Tuesday, July 22, 2014

The Year of the Intern, Robin Cook


Certainly nothing fancy about this one. And certainly not meant for non-medical folks due to the large amount of medical terminologies and medical corollaries that comes with it. But even if you do appear interested, the large bulk of medical patois would eventually put one off as it drones on and on without a halting reverie. The novel regales a microcosmic artwork that represents what interns have to go through, at least during my time back when I was still one. Interns are the equivalent of house officers in Malaysia; while their residents are our fellow medical officers. Senior residents or registrars would be our senior medical officers who are training for a post to become a specialist. Although the description that blurts out every now and then brings up the old and fond memories of my own internship, I can’t deny the fact that exhaustion was one of the main issue that stems up like an ugly thorn throughout my early youthful life. It spoils almost everything and it devastates my own social being. Fortunately, I had only to endure one full year before stepping into the shoes of becoming a resident-in-training. Nowadays, it has been prolonged into two gruelling years. Thankfully, with the increasing amount of graduating medical students stepping up annually to fill and then over-fill the vacant spots, the burden has since started to decline. Yet a new problem stems into the wheel - that of quantity over the lack of quality.

Such is the spoils of medicine. For those who are keen to get a glimpse as to how an intern or a junior doctor operates throughout their lives, this non-fiction novel would tell you exactly what you need to know. Dr Peters step into his internship as a young Ivy League medical school grad (one of our UM graduate equivalent), one of the cream of the crops, but soon is about to find himself drenched with a whole bunch of shit, pee and goo. Academia has nothing to do with the real laborious clinical work and the grave amount of mental and physical exhaustion he is about to bear. And that’s just the beginning of it all. With the ongoing vicious cycle of stupendous amount of work, sleep and sex with varying partners to satisfy his own primitive instincts, he is about to hop onto the bandwagon of becoming a walking zombie in a white coat. And this is one zombie that is about to explode with all the hidden rage, frustration, self-consciousness and a whole pissant personality waiting just to emerge.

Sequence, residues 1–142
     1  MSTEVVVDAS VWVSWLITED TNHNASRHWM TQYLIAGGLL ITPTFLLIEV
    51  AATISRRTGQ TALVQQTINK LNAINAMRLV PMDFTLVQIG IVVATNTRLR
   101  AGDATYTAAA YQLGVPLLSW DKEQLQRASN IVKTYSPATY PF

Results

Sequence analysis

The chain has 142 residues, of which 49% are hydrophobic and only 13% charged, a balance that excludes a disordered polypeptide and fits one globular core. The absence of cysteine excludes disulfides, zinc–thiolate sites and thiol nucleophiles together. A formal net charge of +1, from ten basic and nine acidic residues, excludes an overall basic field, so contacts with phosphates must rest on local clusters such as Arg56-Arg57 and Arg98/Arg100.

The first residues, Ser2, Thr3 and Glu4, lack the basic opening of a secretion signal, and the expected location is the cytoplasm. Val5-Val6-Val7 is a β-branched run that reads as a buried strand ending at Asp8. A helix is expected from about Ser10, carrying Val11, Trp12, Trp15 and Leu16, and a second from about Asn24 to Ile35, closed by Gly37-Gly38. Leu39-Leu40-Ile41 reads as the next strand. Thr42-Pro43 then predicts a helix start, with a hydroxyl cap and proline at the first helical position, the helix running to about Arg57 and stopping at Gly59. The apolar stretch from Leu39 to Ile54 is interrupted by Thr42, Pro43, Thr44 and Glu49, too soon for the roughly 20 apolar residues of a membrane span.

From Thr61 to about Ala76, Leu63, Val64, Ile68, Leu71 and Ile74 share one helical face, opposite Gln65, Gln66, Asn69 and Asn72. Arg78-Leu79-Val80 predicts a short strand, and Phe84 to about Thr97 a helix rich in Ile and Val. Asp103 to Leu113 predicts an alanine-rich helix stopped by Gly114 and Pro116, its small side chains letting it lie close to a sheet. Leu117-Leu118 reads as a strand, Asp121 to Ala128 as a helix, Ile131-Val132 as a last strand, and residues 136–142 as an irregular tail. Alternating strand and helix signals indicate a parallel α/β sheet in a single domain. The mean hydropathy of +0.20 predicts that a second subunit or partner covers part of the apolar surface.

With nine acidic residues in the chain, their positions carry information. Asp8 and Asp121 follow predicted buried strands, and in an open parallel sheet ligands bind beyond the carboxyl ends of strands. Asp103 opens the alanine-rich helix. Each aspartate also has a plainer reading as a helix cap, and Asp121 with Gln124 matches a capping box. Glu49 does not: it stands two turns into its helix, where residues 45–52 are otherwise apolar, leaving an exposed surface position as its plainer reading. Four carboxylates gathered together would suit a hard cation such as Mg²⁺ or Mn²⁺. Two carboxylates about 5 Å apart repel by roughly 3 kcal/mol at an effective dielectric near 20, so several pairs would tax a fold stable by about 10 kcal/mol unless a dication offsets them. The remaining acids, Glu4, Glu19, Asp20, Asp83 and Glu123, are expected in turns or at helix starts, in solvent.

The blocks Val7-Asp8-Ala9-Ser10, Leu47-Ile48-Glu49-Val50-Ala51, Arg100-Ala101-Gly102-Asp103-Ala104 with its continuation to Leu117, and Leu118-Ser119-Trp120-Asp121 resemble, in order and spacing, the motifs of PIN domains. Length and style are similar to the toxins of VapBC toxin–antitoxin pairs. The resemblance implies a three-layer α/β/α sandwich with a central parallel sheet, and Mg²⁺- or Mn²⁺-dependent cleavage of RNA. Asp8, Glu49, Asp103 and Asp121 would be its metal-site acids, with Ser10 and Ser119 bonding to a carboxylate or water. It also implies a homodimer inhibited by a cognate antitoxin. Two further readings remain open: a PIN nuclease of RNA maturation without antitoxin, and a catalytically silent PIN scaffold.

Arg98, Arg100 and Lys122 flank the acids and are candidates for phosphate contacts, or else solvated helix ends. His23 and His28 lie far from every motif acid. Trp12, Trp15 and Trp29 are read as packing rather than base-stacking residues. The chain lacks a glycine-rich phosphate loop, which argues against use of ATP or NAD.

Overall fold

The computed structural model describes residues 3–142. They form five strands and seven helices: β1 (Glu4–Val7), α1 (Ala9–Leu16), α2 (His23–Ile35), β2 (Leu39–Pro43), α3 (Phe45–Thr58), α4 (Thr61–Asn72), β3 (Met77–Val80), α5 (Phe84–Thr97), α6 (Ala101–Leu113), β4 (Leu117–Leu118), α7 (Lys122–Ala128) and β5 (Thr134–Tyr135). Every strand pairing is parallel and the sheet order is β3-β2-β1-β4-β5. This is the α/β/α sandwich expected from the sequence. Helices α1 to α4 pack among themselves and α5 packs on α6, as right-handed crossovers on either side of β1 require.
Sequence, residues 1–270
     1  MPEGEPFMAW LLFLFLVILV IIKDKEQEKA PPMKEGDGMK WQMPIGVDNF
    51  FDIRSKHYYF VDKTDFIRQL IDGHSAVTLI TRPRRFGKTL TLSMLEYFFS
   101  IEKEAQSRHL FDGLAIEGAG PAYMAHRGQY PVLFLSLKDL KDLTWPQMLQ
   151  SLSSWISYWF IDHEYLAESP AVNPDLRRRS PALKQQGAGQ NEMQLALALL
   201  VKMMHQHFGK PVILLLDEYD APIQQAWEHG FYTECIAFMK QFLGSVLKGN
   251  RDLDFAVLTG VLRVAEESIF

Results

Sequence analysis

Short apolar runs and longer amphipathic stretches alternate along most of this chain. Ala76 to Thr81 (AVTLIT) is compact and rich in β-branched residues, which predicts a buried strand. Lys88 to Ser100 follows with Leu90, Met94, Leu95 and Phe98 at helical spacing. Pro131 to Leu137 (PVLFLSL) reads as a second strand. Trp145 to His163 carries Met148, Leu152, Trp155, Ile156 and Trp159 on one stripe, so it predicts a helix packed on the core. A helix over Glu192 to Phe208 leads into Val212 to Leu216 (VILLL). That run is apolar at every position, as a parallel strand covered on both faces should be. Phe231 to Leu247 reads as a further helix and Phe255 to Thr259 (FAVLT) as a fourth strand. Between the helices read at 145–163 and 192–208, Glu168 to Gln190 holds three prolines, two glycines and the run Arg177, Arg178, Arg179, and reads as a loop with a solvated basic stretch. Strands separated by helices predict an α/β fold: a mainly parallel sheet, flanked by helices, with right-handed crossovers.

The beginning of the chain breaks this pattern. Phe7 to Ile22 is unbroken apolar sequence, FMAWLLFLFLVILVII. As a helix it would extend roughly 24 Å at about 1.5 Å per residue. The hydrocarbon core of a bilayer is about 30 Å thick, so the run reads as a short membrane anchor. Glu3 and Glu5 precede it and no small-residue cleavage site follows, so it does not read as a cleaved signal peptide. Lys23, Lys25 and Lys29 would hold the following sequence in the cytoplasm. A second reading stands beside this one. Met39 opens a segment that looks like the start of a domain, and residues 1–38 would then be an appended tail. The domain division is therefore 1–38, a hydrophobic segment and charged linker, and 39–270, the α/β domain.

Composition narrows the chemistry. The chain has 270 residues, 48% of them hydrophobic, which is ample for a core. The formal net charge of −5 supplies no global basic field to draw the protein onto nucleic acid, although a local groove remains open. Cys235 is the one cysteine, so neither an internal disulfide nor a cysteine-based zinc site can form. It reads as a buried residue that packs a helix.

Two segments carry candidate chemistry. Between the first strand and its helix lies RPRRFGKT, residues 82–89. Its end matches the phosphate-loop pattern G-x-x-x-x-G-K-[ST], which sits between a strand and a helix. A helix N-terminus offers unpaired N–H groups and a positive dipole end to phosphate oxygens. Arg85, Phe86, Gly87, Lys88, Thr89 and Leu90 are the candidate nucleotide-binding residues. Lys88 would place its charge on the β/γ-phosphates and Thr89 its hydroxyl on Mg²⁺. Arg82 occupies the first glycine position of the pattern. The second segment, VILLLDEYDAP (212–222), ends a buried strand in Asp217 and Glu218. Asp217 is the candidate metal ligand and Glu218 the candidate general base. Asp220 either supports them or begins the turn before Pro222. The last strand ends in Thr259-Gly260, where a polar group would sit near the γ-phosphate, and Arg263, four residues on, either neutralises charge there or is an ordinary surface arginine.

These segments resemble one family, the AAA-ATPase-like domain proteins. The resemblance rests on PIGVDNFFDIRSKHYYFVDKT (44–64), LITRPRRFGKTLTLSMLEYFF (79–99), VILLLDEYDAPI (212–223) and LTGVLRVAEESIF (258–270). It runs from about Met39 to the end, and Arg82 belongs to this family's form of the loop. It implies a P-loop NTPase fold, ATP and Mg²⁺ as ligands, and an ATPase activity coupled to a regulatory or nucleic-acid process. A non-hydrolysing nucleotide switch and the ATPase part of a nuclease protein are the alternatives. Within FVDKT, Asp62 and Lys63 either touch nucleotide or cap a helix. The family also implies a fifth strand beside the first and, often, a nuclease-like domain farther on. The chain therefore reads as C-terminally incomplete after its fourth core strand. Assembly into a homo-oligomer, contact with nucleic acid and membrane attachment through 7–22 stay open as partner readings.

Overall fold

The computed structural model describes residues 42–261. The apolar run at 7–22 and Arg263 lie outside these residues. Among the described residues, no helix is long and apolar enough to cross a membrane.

Sunday, July 20, 2014

Cure, Robin Cook


This is one book that deviate grossly from Cook’s normal habit. And that would be the involvement of the more than the usual norm of characters that would usually range around 10-15 majors with anywhere between up to 20 minors. Cure was an extensively thought out novel for a typical Stapleton-Montgomery series, making it one of the most researched work that I’ve read on Cook’s work up till now. The series of events took place between two countries, each in major townships of their own. The story opens in a university research lab in Tokyo and as it pans out, a favour was done to extradite an uprising Japanese researcher-talent from the more disciplinarian and strict country to a more free one in the US of A. As the novel shifts its lens towards the bustling town of Manhattan, two major forces colluded in an event that would shake up the normal routine of our two ME protagonist. This is one that is bounded out of proportion as more excitement could be tasted from the burning pace of the story. It’s definitely one that you would have difficulty putting down once you get started. I finished this one in less than a day pouring into the twists of the events as it gets more exciting from chapter to chapter.